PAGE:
With a sudden flash of wings the bird had gone, and they were free to speak.

"It is good to see you, Richard."

Sylvia and her mother had always called him Richard. He had been aware of a secret relief when Louise's choice fell upon "Dicky."

"How well you look!" She scanned his face with earnest frankness. "Are you and Louise at the hotel?"

"Only until this afternoon. We are motoring on to Highlands. What have you been doing since your return from California?"

A certain constraint came into his voice. For how many summers had he begun the day with his letter to her, and now he had not known her whereabouts for months!

She laughed, the elusive, elfin laughter which is the gift of Peter Pan.

"Richard, it's too absurd to tell, but I 've been frivolous, I 've been gay; I'm not quite sure if I have n't been indiscreet. I suppose it was the reaction from war work. I 've been with Jim and Mary Adderson at their wonderful place, and there have been house parties galore and nice men and pleasant women, and I 've been riding, dancing, golfing, and even flirting a little. Last week I came here to escape from quite so many diversions into the woods again."

There were phases of her he knew by heart, with much he had never understood. He retorted in a bantering voice:

"In other words, you were so enormously relieved when you heard that I was to be married that you had a fling'? You had grown to think of me as a responsibility, as a dead weight tied around your life, and you were free when you were loosed from it."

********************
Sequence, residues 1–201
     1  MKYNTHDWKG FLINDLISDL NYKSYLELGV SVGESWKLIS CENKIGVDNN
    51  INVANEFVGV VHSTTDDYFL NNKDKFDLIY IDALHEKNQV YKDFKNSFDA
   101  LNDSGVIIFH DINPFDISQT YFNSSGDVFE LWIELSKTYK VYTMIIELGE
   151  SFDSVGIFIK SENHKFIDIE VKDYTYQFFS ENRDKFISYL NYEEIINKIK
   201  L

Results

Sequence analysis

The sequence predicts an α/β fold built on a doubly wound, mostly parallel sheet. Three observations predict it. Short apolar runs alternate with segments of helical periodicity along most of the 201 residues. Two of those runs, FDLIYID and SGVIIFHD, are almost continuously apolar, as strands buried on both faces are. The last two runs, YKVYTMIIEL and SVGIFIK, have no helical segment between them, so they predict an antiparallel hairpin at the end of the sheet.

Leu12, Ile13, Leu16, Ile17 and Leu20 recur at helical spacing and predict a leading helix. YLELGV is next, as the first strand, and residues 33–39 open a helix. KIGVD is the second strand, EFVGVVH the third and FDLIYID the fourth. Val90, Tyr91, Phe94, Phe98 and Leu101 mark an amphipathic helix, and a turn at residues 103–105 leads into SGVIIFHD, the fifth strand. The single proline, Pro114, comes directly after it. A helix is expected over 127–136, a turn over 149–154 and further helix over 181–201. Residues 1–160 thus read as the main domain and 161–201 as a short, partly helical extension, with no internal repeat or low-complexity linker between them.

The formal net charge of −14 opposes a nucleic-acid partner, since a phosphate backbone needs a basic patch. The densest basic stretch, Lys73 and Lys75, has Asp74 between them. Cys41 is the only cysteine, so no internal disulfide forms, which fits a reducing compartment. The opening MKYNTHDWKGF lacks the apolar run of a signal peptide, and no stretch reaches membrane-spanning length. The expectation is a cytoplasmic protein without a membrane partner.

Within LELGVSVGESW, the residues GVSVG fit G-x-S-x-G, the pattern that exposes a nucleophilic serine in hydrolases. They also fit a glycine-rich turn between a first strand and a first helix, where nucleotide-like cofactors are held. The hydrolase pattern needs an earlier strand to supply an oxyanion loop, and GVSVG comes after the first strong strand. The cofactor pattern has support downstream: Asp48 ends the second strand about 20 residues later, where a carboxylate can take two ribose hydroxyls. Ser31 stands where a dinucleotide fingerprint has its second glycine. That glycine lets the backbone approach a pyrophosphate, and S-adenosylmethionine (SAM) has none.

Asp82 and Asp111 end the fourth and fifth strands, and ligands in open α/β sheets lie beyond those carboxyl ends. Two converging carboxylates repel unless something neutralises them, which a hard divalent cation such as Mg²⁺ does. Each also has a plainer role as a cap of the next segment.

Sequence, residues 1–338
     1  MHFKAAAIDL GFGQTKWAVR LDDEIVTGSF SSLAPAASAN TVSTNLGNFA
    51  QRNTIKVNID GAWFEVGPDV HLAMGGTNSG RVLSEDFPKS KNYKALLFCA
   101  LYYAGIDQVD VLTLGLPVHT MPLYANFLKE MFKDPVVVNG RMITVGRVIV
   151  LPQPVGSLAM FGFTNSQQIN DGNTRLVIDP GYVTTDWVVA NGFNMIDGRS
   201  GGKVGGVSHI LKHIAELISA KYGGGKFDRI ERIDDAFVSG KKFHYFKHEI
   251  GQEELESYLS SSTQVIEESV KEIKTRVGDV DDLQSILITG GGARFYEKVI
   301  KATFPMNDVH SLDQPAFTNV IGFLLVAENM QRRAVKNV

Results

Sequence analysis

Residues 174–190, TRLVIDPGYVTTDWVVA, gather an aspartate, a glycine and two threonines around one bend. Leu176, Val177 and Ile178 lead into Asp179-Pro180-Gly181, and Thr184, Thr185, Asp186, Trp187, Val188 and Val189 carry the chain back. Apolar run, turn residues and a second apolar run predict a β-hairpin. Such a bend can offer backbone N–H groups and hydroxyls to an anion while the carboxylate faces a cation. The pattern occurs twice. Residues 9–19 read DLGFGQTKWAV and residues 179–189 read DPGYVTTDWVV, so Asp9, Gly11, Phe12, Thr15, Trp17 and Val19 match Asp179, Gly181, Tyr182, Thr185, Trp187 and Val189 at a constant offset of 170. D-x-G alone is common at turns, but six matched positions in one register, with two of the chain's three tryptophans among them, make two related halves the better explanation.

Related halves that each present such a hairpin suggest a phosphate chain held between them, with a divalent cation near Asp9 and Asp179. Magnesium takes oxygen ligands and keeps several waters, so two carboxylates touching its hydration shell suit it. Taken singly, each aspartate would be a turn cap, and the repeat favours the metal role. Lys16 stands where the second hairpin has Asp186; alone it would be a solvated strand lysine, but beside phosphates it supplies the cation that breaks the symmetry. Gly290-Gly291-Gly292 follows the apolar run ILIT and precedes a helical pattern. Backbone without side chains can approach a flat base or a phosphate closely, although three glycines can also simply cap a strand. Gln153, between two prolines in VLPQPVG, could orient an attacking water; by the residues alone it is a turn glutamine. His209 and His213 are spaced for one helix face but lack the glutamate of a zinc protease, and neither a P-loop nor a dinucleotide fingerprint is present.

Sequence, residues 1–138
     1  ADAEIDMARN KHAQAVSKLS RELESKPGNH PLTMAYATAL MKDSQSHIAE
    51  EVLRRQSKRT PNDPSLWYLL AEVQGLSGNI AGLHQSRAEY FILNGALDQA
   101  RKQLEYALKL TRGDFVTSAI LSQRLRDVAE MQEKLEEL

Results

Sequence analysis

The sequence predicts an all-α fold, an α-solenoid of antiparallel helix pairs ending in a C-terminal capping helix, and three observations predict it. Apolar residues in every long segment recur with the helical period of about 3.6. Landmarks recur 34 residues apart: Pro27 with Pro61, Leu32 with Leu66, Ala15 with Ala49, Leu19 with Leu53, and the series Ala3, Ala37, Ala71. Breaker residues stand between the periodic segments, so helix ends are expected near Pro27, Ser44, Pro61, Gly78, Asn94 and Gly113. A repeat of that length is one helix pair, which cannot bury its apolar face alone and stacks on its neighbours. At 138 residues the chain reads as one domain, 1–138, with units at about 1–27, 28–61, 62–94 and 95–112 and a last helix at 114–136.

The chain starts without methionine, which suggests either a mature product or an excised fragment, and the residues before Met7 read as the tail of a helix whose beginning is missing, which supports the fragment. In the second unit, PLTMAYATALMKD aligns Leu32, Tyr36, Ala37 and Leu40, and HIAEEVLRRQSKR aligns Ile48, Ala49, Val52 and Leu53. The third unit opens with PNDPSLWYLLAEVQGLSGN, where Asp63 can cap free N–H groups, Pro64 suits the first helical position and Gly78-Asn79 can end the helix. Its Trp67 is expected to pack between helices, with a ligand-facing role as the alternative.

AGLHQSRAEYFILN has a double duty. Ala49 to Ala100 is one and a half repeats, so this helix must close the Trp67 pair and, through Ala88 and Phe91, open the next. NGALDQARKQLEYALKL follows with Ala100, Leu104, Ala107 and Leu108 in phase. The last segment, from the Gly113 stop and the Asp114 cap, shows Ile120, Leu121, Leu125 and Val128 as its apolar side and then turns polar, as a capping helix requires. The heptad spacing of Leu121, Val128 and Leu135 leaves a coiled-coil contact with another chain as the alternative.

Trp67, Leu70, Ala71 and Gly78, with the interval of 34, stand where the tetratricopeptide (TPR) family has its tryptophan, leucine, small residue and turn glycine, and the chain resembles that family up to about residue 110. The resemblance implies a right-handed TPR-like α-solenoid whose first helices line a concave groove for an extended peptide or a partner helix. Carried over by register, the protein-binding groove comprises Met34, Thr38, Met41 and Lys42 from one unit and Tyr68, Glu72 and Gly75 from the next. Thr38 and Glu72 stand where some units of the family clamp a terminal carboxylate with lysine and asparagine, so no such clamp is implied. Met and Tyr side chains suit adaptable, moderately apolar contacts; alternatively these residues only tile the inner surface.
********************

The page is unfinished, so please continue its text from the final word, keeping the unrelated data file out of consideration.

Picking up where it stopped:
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a gentian-and leaving it there!" he teased.

"Of course. Have you ever seen

They were wonderfully gentle as they exiled gentians stuck into vases?" she met his squarely now.

"Not you, Richard, but your happiness. The responsibility for that was a weight." She pondered a little over his words. "Perhaps you are right. I did have a queer sense of emancipation. I have n't played for years as I 've played this summer."

"Have you fallen in love with some one?" He tried to ask it casually and was startled by the peremptoriness of his tone.

"No," she answered. "Just now I am possessed with the new freedom."

"Shall we walk on and talk a little?" Dalton asked. "You were n't going anywhere in particular?"

"Only hunting for gentians."

"Scrambling up and down hills and ruining shoes," that was a touch he had learned from Louise,-"and finding

demanded. "The closed-up hearts! In the quiet mountain spaces they seem to part with their secret. But at the hotel to-day you will see them in a pompous cut-glass vase, and people all around them eating dinner. them eating dinner. The little shy, blue things don't belong there-in the midst of creamed vegetables."

He took it up with warmth.

"Why don't they belong? How many of those old tabbies who sit around and gossip on hotel porches could discover a gentian even if they puffed around in the woods in search of them? How many tourists and business men passing through a resort like this know there 's such a flower in the world? But at this hotel they pay fancy rates for the mountains, and a flower that is typical of the mountains belongs to them. them. They've bought and paid for it.